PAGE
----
These Essential Workers Keep Los Angeles Running

Jennifer Alcantara
Cashier, Super A Foods Supermarket
Because we’re here at the grocery store, we’re on the front lines. We’ve had clients come in here, and they’ll say, ‘Oh, I have COVID, but I’m fine.’ † † † It upsets me thinking they can’t wear their mask to come shopping for 20 minutes, 10 minutes, 5 minutes, yet I’m in the store for 9 hours and my mask is not optional for me.[Photo: Sam Comen]

Those images, which include workers from 15 industries and dozens of other jobs, are now on display at the Lancaster Museum of Art & History in Lancaster, California; the show will run through August 21. More than three-quarters of the people photographed are represented by unions in Southern California, including the United Food and Commercial Workers Local 770, a key partner in coordinating interviews. As the pandemic continued, those unions helped workers push for stronger wages and job protection. Their message was clear: ‘Look what’s happening,’ says Comen. “These are our neighbors, our fellow Americans. And how do we treat them? [They’re] rise despite the force majeure at great personal risk.”

Carlos Arevalo, Jason Calixto, Esbeida Refugio and Ray Miller
Security Guard, Los Angeles County + USC Hospital
The administrators responsible for cleaning and sanitizing LAC + USC Hospital understand that their job is critical. Jason Calixto (second from left) said: “The burden rests on us to protect not only the workforce, but society, our community and the public. We must do everything we can to protect everyone who enters the hospital, those who visit the hospital, ourselves and our families. I was away from my extended family for 5 months.” [Photo: Sam Comen]
Loved Montejo
Port of Los Angeles Trucker
I lost my brother in Guatemala to COVID on January 6. I kept working because, you know, life goes on, and you have to keep going, even though you’re not 100% mentally. I was thinking about going to Guatemala. I couldn’t, because I would have to quarantine myself when I got to Guatemala, so why did I go anyway? And when I came back, I had to quarantine again. So no. [Photo: Sam Comen]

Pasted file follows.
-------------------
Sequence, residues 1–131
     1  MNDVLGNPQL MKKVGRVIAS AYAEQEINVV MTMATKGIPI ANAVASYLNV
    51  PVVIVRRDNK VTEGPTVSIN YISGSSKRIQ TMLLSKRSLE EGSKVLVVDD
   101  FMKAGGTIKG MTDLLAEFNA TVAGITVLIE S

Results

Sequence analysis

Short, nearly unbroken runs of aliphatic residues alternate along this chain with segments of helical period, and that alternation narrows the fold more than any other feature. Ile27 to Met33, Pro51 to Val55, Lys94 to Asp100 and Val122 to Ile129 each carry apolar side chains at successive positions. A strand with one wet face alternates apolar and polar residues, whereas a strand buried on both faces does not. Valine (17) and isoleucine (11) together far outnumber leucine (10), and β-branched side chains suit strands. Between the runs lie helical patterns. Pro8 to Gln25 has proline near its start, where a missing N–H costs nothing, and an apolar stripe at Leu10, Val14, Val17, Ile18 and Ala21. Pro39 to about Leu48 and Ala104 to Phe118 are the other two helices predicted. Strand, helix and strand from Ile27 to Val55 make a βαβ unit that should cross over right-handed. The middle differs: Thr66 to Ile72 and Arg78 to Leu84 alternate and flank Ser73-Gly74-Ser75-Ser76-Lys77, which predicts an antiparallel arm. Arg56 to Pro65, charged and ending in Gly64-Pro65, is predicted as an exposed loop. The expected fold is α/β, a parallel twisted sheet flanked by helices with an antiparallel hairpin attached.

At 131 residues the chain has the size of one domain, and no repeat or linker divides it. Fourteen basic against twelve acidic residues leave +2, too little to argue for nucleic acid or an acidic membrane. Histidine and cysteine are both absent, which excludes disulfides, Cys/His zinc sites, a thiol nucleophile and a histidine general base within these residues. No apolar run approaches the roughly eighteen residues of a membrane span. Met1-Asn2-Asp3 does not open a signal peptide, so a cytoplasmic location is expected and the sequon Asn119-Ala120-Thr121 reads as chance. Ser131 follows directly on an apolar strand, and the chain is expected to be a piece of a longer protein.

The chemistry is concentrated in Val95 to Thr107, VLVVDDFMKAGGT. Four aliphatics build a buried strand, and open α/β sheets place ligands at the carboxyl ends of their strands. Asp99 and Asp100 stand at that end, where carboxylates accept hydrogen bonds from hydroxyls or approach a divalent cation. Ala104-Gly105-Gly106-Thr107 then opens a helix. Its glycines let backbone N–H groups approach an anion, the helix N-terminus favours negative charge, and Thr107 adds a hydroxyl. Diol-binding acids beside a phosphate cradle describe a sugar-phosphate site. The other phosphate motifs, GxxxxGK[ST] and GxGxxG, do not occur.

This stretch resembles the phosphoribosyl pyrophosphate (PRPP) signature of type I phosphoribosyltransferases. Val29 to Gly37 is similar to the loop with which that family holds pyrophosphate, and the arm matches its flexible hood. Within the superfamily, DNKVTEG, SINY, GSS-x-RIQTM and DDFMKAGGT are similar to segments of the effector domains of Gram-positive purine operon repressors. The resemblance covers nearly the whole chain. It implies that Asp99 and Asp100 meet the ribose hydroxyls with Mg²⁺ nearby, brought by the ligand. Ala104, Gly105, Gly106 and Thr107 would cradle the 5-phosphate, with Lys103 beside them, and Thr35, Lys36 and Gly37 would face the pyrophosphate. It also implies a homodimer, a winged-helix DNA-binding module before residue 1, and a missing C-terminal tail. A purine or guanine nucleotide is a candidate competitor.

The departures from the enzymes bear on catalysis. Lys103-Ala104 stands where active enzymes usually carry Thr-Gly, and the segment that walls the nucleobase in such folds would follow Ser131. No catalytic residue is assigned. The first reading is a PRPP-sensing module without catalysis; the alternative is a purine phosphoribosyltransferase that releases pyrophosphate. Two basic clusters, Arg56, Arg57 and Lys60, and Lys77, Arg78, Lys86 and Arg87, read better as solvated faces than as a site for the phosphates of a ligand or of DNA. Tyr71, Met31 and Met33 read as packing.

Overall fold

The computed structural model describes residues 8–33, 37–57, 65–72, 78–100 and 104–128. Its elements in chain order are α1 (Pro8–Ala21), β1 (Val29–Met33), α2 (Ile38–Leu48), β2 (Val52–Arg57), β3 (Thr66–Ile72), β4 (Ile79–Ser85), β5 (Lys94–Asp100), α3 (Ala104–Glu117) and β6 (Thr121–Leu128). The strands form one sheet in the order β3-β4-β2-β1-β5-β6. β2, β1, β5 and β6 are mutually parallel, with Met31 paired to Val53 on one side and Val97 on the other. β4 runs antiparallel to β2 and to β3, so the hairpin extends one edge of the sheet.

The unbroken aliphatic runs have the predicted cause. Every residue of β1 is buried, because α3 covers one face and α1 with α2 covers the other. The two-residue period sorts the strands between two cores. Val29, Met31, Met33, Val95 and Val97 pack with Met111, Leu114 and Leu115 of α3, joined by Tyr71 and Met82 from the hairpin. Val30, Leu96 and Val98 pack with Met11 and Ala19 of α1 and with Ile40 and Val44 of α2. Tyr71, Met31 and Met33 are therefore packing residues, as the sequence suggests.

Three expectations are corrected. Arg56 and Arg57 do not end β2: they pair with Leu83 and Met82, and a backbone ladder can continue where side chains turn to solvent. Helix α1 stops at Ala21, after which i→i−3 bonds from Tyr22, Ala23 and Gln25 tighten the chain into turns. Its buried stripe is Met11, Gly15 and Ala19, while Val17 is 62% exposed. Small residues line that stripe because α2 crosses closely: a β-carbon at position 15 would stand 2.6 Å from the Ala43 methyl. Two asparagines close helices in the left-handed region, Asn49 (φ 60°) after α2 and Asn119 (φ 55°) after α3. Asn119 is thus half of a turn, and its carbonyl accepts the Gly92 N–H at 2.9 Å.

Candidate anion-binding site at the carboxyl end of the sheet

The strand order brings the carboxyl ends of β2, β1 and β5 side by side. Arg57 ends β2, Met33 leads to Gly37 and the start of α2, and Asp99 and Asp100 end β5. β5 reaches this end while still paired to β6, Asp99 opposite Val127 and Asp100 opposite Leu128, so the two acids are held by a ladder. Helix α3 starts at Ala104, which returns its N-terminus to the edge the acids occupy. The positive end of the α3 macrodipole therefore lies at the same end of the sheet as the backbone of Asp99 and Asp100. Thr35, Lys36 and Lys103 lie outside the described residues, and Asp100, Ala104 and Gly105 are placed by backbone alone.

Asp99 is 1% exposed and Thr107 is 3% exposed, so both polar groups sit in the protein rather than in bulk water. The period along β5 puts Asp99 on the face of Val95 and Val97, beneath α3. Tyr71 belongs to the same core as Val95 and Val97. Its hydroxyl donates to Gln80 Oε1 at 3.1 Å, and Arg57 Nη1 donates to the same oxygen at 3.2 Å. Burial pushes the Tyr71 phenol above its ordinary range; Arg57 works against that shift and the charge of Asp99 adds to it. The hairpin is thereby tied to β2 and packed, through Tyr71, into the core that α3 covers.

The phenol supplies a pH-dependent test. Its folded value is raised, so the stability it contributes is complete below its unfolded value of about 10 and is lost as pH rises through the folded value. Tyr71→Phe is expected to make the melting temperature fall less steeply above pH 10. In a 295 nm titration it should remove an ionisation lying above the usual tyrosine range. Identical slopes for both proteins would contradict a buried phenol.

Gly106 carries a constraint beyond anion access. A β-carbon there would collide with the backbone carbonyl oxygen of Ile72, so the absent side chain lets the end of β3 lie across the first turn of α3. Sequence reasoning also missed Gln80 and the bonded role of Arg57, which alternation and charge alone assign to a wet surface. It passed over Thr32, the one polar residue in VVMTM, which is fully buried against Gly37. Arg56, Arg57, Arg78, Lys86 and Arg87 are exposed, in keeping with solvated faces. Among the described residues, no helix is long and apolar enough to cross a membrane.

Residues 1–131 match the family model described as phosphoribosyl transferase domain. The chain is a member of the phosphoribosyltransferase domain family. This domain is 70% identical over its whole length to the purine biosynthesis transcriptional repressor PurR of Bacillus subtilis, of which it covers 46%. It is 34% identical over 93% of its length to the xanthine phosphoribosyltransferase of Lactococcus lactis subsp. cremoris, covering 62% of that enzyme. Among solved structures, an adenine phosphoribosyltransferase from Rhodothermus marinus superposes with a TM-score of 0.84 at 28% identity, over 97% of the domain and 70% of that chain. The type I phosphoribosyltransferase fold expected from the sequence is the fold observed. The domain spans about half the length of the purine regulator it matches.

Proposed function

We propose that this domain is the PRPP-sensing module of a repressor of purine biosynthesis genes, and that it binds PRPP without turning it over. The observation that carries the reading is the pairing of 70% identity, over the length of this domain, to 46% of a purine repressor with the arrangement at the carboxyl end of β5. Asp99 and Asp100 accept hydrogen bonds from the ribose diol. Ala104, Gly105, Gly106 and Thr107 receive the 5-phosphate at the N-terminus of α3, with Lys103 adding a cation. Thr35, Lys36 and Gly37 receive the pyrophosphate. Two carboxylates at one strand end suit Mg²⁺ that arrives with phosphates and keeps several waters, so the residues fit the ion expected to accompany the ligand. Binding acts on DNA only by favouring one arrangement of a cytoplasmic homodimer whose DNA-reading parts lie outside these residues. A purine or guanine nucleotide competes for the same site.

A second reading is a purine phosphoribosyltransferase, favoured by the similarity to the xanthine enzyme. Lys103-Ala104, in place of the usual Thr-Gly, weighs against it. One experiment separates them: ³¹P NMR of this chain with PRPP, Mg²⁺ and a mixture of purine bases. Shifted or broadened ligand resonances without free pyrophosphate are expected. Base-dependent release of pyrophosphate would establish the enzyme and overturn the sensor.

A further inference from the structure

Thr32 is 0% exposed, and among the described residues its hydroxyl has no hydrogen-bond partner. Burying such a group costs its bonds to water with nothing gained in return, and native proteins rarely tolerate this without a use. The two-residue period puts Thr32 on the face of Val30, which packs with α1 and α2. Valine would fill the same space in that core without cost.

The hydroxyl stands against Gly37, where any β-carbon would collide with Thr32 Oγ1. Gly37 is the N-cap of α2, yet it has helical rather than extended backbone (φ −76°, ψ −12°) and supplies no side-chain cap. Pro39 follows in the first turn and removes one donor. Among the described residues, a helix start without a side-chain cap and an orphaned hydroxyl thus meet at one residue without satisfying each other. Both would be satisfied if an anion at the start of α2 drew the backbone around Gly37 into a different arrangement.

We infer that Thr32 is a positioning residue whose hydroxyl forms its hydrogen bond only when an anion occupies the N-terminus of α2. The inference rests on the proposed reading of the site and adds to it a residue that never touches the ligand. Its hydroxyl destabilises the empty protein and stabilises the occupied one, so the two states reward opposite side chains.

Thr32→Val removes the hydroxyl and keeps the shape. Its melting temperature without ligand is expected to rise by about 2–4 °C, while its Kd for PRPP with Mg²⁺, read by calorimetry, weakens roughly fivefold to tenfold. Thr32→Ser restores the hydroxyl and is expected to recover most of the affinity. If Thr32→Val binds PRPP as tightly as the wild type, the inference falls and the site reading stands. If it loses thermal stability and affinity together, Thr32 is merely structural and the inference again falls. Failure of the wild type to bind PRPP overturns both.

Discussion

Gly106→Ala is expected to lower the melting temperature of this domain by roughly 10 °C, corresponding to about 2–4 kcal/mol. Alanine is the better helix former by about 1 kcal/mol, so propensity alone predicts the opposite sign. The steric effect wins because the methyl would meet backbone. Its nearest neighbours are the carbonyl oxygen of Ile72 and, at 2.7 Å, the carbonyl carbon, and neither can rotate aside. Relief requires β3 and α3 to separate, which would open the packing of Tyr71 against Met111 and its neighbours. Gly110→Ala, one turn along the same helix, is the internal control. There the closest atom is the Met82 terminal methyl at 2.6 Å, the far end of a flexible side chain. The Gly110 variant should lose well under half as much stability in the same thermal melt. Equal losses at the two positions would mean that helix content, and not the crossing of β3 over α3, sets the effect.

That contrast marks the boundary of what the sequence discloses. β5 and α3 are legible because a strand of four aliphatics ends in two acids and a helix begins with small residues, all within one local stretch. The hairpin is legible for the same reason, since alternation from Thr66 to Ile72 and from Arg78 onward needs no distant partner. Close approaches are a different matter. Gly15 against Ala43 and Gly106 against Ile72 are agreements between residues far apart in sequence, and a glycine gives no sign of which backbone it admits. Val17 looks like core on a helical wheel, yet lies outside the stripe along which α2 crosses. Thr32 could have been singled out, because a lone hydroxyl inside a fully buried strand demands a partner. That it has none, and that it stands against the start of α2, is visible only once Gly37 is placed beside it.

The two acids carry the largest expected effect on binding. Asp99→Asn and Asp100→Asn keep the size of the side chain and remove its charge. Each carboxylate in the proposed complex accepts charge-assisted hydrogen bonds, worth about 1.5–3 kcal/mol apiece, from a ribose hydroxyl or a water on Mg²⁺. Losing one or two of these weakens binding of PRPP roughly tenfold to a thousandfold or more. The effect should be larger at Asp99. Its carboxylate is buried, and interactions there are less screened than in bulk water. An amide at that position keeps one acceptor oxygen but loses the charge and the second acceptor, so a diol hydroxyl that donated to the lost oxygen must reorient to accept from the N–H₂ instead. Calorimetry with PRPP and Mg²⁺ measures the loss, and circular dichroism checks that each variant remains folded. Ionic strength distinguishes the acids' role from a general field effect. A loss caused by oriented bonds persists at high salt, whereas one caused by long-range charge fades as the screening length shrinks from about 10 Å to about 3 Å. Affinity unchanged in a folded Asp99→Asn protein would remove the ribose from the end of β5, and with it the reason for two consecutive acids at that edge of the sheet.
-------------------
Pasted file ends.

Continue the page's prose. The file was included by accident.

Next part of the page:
Vince Mena, Dale Smith, Kristina “Kady” Kepner and Brandon Terrazas
Los Angeles Firefighters
Photographed at Station 3 in Downtown LA
Because Los Angeles County has a public health department but the City of Los Angeles does not, the mayor has asked the fire department to help develop COVID test sites. Kady Kepner (second from right), assistant chief, oversaw that initiative. She shared: “It has certainly been a challenge for all of us, as it has for everyone. We have had to implement new protocols, policies and a host of new and innovative ways to continue doing our job and delivering exceptional customer service to the communities we serve.” [Photo: Sam Comen]
Rebecca Melchor, Sandra Ceja and Karina Franco
Surgical Technologist and RNs, Harbor-UCLA Medical Center
Rebecca Melchor (left) is a surgical technologist in the labor and delivery operating room at Harbor-UCLA Medical Center, where several pregnant patients have tested positive for COVID. She said: “I was part of the first crash COVID C-section we had. It was an emergency cesarean section, life and death. Sometimes you feel uncomfortable. I mean, though, it’s something you think you should do. No one else is going to do it. We cannot reject a patient just because she has COVID. If she’s a pregnant patient, we’ll take care of her.” [Photo: Sam Comen]

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